Saccadic movements using eye-tracking technology in individuals with autism spectrum disorders: pilot study
Mercadante, Marcos T.;Macedo, Elizeu C.;Baptista, Patrícia M.;Paula, Cristiane S.;Schwartzman, José S.;
Arquivos de Neuro-Psiquiatria , 2006, DOI: 10.1590/S0004-282X2006000400003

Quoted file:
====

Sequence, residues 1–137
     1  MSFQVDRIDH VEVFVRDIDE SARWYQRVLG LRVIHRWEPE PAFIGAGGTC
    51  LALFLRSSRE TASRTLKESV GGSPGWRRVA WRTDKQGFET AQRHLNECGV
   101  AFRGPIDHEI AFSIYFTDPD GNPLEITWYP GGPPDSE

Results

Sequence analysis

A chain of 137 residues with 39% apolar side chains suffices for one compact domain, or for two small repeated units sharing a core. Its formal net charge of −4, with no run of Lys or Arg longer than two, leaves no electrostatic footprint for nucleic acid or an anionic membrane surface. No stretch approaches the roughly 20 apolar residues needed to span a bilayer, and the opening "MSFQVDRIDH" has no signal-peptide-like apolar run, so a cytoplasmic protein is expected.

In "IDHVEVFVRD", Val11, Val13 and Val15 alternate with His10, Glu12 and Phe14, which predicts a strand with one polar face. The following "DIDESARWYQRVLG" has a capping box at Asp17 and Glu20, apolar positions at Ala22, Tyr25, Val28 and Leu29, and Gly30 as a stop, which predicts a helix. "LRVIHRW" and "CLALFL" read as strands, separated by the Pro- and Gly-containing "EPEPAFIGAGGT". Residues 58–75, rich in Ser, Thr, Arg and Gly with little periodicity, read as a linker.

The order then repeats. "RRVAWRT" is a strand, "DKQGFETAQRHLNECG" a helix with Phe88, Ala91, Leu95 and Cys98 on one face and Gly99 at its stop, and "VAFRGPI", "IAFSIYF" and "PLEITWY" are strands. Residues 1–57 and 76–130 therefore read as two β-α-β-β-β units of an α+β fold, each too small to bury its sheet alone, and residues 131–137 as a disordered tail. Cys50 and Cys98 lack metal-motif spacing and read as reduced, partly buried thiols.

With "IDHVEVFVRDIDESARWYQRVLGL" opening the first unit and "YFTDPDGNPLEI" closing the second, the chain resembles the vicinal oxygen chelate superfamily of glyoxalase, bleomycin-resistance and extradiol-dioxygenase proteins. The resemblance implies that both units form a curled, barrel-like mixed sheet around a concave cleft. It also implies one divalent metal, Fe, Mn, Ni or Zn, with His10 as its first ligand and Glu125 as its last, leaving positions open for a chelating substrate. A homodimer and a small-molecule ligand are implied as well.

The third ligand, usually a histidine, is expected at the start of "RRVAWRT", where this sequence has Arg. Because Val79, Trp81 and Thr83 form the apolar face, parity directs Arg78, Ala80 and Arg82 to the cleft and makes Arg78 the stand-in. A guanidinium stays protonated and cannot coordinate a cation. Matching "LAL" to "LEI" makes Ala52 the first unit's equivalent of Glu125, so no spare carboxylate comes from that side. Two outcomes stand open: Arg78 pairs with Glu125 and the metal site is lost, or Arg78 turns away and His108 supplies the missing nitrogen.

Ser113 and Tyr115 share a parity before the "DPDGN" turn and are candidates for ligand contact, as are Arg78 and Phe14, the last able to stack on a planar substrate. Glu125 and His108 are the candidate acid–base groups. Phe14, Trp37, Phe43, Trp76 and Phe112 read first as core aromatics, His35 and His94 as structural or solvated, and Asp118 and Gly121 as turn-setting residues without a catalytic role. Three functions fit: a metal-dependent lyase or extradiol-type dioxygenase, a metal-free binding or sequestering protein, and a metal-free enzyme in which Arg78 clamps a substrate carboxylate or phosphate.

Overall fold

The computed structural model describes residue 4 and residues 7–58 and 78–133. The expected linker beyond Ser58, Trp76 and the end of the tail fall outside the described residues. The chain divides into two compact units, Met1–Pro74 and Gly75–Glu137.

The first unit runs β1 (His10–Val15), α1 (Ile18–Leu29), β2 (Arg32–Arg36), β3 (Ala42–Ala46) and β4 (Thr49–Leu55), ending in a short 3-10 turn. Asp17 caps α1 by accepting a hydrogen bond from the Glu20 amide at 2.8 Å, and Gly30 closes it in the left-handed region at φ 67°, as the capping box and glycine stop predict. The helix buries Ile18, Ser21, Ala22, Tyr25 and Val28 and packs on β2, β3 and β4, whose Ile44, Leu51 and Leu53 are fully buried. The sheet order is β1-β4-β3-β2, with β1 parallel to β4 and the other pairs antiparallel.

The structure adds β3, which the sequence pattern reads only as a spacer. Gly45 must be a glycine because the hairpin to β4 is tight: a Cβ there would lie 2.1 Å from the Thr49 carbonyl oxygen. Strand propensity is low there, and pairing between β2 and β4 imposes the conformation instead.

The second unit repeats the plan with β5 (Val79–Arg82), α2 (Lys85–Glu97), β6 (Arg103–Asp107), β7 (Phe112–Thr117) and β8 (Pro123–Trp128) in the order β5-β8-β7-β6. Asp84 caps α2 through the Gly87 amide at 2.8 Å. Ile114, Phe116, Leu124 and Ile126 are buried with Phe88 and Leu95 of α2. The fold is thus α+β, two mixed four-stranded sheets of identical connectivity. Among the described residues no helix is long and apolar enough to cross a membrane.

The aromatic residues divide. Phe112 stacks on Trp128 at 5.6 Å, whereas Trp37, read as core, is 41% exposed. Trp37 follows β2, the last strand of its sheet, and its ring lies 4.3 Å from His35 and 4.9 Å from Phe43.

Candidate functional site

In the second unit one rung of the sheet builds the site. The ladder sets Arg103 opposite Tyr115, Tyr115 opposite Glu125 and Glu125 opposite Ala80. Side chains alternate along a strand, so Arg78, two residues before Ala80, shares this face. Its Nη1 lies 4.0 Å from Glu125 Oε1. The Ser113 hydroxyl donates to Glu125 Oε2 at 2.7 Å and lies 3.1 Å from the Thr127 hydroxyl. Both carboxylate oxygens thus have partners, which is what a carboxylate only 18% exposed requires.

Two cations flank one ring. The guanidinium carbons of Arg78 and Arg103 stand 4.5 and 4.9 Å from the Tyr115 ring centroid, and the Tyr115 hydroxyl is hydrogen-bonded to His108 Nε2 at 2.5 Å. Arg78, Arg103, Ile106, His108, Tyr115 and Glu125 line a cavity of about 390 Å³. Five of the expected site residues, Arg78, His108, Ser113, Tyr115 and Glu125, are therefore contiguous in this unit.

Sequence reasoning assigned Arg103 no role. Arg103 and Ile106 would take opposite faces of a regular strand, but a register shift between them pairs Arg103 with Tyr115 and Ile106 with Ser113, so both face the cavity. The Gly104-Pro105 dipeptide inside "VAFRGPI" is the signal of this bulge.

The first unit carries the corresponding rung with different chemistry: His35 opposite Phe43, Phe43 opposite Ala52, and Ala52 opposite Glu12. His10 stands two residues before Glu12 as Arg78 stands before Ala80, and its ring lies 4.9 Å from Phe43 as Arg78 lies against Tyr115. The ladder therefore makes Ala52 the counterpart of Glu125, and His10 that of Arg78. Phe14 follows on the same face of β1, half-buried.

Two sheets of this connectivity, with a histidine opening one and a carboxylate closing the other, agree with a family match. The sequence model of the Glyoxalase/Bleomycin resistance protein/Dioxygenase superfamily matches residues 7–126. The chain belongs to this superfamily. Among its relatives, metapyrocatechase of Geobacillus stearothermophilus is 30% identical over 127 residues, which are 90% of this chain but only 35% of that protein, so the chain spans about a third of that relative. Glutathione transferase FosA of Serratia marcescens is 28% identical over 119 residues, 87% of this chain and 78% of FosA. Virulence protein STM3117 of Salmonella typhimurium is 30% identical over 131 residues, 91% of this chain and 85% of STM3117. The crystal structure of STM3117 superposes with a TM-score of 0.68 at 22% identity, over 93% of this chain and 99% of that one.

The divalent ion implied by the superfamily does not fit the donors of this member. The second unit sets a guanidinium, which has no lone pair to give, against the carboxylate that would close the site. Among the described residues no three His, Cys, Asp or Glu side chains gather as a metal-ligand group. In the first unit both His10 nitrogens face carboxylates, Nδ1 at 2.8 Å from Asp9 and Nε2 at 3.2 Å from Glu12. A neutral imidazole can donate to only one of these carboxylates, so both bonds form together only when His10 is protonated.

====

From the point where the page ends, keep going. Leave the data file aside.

Abstract: objective: to verify differences in the visual scanning strategies between pervasive developmental disorders (pdd) and controls when they are observing social and non-social pictures. method: pdd group (pddg) comprised by 10 non-retarded subjects (age from 4 to 41) and age-matched control group (cg). nine social pictures with human beings (including two pictures of cat mask), and 3 nonsocial pictures of objects were presented for 5 seconds. saccadic movements and fixation were recorded with equipment eyegaze? (lc technologies inc.). results: pddg (mean=292.73, se=67.62) presented longer duration of saccadic movements for social pictures compared to cg (mean=136.06, se=14.01) (p=0.04). the cg showed a higher number of fixations in the picture 7 (a women using a cat mask, with the eyes erased) (cg: mean=3.40; pddg: mean=1.80; p=0.007). conclusion: the results suggest differences in strategies that pdd explore human picture. moreover, these strategies seem not to be affected by the lack of expected part of the face (the eyes).